UK Prime Minister Boris Johnson’s scheduled visit to India at the end of the next month promises to be a very significant marking of a new kind of relationship across trade and investment as well as the exchange of people and ideas between India and the UK, British High Commissioner to India Alex Ellis said on Friday.
The envoy, who is in charge of finalising the prime ministerial visit agenda, highlighted several pillars of focus for the bilateral engagement, covering areas such as defence and security and climate action and healthcare, including cooperation in the area of COVID-19 vaccines.
“This is the first major bilateral visit that this Prime Minister would have made to any country outside the UK, that says quite a lot about the significance of the India relationship which he seeks,” said Mr Ellis, addressing a PTI question on the visit during a virtual seminar organised by the London-based think tank International Institute for Strategic Studies (IISS).
“It is very exciting that he is coming. He was planning to come in January, but the Covid situation in the UK put paid to that, but he is very keen to come and we are really looking forward to what we hope will be a very significant marking of a new kind of relationship,” he said.
Addressing the seminar entitled ‘The UK’s Integrated Review: impact on relations with India”, the senior diplomat who had been involved with the formulation of the Integrated Review released earlier this week noted that on major global issues such as climate change there can be “no solution without India”.
“This visit should have the various pillars: It has to have a defence and security part, given the high degree of trust around how we work together; global issues of climate and health, of which vaccines no doubt will be a part; trade and investment, including a new trading relationship; but also, the flow of people and ideas and technology between our two countries and how we deal with that in the world more generally, I think will be the essential elements of this visit,” he added.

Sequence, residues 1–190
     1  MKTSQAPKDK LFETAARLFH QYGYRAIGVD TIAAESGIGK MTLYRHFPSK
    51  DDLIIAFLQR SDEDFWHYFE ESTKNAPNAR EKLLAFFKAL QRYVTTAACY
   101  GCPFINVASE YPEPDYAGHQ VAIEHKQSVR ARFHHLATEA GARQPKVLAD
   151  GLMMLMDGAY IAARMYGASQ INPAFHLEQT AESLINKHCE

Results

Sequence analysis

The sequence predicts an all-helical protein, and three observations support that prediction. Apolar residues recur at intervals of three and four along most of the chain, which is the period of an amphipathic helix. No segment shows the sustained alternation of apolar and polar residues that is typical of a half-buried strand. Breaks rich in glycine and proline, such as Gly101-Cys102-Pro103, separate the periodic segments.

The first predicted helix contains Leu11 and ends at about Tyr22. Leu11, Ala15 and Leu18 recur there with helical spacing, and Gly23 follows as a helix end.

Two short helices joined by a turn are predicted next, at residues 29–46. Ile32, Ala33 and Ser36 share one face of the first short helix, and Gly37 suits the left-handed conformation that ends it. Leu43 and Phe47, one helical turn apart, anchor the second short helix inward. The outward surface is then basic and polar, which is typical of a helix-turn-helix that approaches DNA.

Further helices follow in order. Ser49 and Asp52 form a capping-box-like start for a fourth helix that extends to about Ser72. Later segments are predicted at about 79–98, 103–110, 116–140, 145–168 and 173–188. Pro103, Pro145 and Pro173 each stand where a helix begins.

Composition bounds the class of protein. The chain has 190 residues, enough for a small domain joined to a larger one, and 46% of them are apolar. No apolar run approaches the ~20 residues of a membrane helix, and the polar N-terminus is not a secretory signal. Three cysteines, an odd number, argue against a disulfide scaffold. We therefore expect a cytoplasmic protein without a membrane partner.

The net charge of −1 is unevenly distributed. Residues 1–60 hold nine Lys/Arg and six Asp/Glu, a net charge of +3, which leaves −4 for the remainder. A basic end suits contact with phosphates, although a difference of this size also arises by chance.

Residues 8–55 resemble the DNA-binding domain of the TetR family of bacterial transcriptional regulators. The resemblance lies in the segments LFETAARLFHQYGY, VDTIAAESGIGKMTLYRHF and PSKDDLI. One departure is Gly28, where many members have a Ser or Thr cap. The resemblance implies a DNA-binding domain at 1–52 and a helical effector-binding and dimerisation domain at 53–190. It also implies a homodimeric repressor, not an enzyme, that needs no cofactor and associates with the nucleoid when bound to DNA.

The Integrated Review, a comprehensive realignment of the UK’s foreign policy outlook in a post-Brexit era, had highlighted an Indo-Pacific tilt. Lord Jo Johnson, the UK Prime Minister’s younger brother, noted that the details of such a tilt will be fleshed out during Boris Johnson’s visit in April.
As a member of the delegation during the last India visit by former UK Prime Minister Theresa May, the former minister pointed out that while that tour “marked something of a low point in terms of bilateral relations”, things are going to get a lot better fast with the upcoming visit.
“The real meat in the new approach to the region and to India will probably become concrete during the Prime Minister’s visit next month,” said Lord Johnson.
“This is a really important visit in the UK context. We haven’t had a big bilateral visit for a couple of years, and this is certainly the first by this Prime Minister. The fact that he’s chosen India underlines the centrality that India has in the new conception of the Indo-Pacific region’s importance,” he said.
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